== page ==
Our impact is to try to identify kids whose biology and development are being disrupted because of the dysregulation in their stress. Because this malady has gone unaddressed, there’s an estimated cost to the healthcare system of about $750 billion a year. That doesn’t include the issues around education, learning disabilities, decreased achievement, or consequential mental health issues. It doesn’t address the loss of productivity in the workplace, the criminal justice system, and recidivism that are some consequences as these kids get to be adults.
We know that children who experienced childhood as difficult or stressful grow up to be adults who have a higher susceptibility for a terminal illness, who have a difficult time being productive adults, who are more inclined to be depressed and have mental health problems and disorders. We also know that if we can identify when the stress dysregulation begins to happen, we can change that. That’s where the name Recalibrate Solution came from. We can recalibrate the stress response, and the earlier we know about it the easier that is to do.
WHAT (OR WHO) INSPIRES YOU TO DO THIS WORK?
I have seen the damage done as a consequence of toxic stress that starts in childhood. I’ve seen that play itself out in adults, and I’ve seen how difficult it is to really make a lasting, sustainable difference. We’re not going to be able to change the situation unless we try to see the unseen of what’s going on inside these kids’ bodies, to pay attention and see what’s quietly happening to children. I’m inspired by the need that the children have and believe those of us who do have agency have to look out for them.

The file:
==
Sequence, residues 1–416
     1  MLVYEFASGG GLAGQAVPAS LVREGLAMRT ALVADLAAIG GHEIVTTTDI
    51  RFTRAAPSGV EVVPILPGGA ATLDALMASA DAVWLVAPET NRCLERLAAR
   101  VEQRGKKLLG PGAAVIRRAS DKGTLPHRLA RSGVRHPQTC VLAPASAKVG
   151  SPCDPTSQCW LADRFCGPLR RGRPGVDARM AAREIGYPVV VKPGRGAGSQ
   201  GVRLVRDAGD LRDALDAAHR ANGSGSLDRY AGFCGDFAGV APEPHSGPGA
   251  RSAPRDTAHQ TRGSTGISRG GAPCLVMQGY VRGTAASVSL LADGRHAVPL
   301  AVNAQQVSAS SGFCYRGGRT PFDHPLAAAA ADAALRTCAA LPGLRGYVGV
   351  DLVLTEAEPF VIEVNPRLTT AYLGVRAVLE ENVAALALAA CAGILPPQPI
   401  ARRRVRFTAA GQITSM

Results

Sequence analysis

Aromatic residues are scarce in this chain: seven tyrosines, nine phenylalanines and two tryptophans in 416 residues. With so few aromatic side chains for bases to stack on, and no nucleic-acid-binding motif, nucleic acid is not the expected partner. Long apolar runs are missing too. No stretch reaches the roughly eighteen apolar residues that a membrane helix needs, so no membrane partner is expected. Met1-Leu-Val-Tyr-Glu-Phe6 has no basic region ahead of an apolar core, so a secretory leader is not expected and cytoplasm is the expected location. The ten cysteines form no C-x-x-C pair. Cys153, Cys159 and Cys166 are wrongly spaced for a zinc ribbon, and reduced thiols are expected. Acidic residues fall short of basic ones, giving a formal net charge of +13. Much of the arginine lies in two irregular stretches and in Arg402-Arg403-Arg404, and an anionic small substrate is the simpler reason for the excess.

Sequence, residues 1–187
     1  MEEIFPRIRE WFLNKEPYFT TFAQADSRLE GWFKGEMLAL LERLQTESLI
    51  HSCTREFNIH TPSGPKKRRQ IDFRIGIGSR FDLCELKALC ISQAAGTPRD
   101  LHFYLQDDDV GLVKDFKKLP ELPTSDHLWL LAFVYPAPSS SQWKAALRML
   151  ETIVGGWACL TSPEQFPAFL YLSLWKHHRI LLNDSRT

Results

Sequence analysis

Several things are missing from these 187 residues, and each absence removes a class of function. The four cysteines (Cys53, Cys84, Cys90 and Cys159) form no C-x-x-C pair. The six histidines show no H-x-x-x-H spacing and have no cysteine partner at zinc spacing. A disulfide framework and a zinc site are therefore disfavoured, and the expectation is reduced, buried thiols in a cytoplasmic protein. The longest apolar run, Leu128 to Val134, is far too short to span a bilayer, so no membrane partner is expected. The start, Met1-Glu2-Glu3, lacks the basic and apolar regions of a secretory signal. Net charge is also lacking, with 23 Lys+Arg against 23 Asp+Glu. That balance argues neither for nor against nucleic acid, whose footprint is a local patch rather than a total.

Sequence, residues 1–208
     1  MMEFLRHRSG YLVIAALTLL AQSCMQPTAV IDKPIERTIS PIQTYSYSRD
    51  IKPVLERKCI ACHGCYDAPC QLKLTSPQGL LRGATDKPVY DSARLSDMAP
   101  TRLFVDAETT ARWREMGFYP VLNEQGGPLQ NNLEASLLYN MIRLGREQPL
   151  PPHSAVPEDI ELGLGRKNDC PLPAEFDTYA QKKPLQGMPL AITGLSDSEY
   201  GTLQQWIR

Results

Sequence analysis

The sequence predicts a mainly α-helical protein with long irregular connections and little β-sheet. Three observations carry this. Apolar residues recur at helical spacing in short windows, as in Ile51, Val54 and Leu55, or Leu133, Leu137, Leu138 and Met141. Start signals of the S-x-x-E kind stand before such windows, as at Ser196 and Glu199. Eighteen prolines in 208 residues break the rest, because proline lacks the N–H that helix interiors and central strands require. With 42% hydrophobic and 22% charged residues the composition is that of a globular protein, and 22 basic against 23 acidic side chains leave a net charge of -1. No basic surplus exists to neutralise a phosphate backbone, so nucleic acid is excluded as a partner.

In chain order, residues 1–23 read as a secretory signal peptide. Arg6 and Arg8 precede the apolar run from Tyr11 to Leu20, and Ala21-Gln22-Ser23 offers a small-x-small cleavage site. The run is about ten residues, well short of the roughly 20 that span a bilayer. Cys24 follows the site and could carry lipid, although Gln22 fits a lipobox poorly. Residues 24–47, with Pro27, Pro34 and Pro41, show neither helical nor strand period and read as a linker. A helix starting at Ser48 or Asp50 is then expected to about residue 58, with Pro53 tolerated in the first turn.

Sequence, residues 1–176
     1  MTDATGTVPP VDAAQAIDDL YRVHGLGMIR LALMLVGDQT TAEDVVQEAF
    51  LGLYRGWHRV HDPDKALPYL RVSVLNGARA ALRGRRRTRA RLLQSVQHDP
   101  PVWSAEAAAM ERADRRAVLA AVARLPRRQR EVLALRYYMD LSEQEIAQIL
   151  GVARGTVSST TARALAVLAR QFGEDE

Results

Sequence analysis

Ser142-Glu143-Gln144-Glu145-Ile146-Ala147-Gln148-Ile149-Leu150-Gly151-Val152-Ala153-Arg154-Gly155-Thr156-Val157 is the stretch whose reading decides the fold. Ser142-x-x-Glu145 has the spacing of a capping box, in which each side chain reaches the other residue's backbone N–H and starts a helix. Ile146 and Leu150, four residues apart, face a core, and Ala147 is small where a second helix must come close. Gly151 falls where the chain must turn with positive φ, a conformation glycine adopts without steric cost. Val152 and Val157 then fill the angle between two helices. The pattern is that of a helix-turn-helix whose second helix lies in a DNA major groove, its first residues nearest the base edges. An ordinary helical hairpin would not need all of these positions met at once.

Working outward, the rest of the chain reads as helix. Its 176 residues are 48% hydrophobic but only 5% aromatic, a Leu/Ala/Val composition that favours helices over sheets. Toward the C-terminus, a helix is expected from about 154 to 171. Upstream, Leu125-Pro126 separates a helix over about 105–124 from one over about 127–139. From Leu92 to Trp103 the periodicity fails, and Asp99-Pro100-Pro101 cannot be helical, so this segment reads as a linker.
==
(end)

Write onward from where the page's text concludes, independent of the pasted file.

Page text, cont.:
WHAT’S YOUR VISION, YOUR BIG DREAM FOR THE IMPACT YOU WANT TO MAKE?
Oftentimes, people listen to what we’re doing and think that what we are trying to create, produce, and sell is a test that tells us who’s got a dysregulated stress system or who’s suffering from toxic stress. While that’s true to some extent, the big picture is we want to incorporate stress health monitoring into our everyday understanding of healthy child development. Currently, when a child goes to a pediatrician for a wellness visit, the pediatrician listens to their heart and their lungs, dilates their eyes, and checks their visual, autonomic nervous system and auditory system. We’ve known for decades that childhood stress is a hugely damaging problem. It starts in childhood, and it goes on through adulthood. Yet, we don’t ever monitor the stress system within children. Our long-term vision is to incorporate stress monitoring into healthy child development. Ultimately, what that looks like is our system in every pediatricians’ office in the country.
WHAT CHALLENGES ARE YOU FACING?